That even though some may say that Airedale Terriers are hypoallergenic, in our experience, we have found that some will still experience symptoms with Airedale Terriers which is why if you are prone to suffer from dog allergies, we would strongly recommend that you visit an Airedale Terrier club to see first hand if you have any reactions.
The last thing that you’ll want to do is make one of these magnificent animals your own only to learn a week or so later on that your allergies are driving you nuts!
Airedale Terrier Training and Personality
The Airedale Terrier is an intelligent independent dog that is very hard-working, athletic and has the energy, drive and stamina to get things done. That means that training the Airedale Terrier, and socializing them at a young age is a must! Or to put in another way you’re Airedale Terrier is going to be as great as you choose to make him or her.
Airedale Terriers are very trainable, however they’re also quite playful and adventurous, so if you leave them to their own devices, what you’re going to find is that they can get into a whole lot of trouble. Trouble that could mean quite a bit of damage to your yard and home!
Now, one way…
You can avoid such disasters is by making sure that your Airedale gets plenty of exercise and ample time to play. So, if you can’t see yourself going on daily walks with your Airedale, or taking time out of every day to play with our Airedale, then chances are, this breed may not be right for you.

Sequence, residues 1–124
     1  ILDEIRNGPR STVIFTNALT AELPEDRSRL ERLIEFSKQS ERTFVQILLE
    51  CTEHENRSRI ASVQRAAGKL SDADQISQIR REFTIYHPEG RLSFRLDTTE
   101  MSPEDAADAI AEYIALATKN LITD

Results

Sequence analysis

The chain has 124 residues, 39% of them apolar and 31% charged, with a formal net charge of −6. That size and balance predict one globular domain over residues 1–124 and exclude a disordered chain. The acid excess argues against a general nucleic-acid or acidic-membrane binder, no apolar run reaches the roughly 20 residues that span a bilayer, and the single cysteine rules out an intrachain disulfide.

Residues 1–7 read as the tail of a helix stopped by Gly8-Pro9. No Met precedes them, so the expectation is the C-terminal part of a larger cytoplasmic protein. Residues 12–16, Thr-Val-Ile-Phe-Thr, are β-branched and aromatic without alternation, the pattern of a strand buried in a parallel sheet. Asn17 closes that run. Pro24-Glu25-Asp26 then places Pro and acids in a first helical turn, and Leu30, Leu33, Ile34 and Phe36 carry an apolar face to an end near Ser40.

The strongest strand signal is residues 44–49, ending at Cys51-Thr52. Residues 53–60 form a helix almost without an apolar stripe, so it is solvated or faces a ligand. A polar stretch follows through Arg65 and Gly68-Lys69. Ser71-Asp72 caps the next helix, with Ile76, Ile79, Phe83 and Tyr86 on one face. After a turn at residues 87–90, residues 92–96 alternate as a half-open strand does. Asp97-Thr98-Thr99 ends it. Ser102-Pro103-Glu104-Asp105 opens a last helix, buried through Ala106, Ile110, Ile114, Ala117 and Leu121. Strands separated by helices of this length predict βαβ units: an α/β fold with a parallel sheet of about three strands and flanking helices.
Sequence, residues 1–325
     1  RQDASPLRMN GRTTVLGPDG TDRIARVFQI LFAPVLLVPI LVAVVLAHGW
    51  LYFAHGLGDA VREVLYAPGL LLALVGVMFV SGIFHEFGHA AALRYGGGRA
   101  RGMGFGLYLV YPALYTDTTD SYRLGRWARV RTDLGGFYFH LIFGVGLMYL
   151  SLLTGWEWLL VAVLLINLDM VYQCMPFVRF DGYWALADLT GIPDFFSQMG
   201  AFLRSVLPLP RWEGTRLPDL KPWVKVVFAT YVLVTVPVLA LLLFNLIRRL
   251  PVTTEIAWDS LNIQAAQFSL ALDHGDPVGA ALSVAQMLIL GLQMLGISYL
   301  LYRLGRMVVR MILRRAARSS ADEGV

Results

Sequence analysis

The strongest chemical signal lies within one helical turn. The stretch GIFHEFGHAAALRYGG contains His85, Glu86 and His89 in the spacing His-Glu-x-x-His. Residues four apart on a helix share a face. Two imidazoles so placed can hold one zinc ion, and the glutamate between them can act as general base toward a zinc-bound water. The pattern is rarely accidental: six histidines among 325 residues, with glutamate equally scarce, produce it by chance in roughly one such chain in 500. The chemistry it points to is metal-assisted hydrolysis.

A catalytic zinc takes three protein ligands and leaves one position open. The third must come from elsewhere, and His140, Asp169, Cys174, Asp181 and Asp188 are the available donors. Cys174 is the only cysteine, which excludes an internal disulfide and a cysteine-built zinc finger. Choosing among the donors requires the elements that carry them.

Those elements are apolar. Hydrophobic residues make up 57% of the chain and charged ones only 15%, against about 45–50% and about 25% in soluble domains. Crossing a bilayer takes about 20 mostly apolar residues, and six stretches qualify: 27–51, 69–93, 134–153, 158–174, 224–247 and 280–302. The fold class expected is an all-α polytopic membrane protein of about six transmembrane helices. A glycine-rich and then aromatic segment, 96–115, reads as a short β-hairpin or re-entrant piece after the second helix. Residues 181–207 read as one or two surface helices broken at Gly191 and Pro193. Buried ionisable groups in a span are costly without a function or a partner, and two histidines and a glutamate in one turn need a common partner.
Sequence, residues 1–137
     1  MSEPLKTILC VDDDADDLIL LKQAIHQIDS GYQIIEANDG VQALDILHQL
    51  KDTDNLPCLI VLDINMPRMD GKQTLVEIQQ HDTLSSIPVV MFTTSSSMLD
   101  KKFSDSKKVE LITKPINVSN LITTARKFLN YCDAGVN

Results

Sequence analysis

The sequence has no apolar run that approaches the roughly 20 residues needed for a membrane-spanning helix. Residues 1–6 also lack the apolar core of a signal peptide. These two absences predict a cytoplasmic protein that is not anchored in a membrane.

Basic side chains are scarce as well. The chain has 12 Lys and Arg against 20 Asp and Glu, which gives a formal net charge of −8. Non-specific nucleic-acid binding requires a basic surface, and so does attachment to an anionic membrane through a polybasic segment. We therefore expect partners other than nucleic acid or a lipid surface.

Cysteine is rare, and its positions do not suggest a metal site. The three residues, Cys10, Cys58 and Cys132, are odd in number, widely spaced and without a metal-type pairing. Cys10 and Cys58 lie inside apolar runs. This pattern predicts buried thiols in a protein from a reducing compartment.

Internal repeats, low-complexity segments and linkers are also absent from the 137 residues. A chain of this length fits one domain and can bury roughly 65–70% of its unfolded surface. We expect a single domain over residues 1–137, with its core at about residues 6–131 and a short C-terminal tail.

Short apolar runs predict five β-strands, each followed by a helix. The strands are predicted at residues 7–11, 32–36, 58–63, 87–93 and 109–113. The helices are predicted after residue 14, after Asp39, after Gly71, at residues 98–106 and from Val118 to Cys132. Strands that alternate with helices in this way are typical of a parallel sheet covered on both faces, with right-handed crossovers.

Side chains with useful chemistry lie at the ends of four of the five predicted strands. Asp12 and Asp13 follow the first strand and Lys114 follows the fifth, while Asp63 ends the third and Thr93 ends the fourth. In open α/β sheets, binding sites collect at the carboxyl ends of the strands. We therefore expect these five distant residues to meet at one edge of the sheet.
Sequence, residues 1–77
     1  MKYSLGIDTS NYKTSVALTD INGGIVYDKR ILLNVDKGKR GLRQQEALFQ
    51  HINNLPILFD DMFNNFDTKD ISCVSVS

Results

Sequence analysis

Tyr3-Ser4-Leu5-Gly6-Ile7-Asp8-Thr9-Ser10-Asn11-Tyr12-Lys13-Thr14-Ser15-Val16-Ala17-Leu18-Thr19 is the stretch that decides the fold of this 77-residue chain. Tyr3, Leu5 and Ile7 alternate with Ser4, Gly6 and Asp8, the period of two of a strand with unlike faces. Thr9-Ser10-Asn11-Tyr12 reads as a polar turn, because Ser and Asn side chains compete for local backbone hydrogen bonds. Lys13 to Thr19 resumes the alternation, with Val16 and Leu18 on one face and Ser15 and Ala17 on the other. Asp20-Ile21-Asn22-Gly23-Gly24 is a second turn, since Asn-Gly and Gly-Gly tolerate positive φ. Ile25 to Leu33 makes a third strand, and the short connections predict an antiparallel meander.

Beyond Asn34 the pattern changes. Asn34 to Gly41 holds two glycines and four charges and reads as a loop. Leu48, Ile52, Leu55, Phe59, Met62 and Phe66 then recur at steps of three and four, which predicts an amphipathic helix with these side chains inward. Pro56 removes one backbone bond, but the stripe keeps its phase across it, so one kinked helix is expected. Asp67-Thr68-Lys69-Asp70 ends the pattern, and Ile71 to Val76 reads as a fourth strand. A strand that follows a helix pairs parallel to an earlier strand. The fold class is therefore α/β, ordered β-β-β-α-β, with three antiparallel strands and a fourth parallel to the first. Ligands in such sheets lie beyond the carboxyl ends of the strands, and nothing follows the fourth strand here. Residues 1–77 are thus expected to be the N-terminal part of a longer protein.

Also if you have children…
Or plan on having any children in the future, you’ll need to understand that properly introducing your Airedale Terrier to your kids will go a long way to ensuring a good relationship between your kids and your dog. Because, while it is true that Airedale Terriers can be fantastic household pets that are unbelievably loyal, they will need to be trained how to behave around small children.
Getting a dog is usually a decision for life (the dog’s life that is!). So, while we don’t expect an individual to get a dog unless they’re planning on keeping them for life, we would especially urge anyone thinking of purchasing or adopting an Airedale Terrier to think it through very carefully because in the case of an Airedale Terrier, when then choose to bond with an owner, then tend to bond for life.
This is why…
You’ll probably find that your Airedale Terrier will make a great guard dog and is likely not to take kindly to strangers approaching the household.
Health Issues for Airedale Terrier
As a general rule, it’s safe to say that just about any “purebred” dog will be prone to some specific health concerns due to their own genetics. And while some of these potential health concerns will be unavoidable, some of them can be avoided by getting your Airedale Terrier from the right breeder, but even then, it might not be possible to get a totally healthy purebred Airedale Terrier – that just doesn’t exist.
The good news is that in general…
The Airedale Terrier is a pretty hardy breed with few “major” concerns. That said however, one must be vigilant when observing their Airedale because many times their stoicism (or stubbornness) of their personality may prevent them from exhibiting the usual or obvious signs of distress, such as whining.
Thus, it is up to the owner to be aware if anything may be ‘off’ with their companion.
The most common…
And sometimes the most costly problem that Airedale Terriers may suffer from is Hip Dysplasia. The typical cost for surgery for Hip Dysplasia can run anywhere form $4000-$6000 and then there is the added expense of pain killers.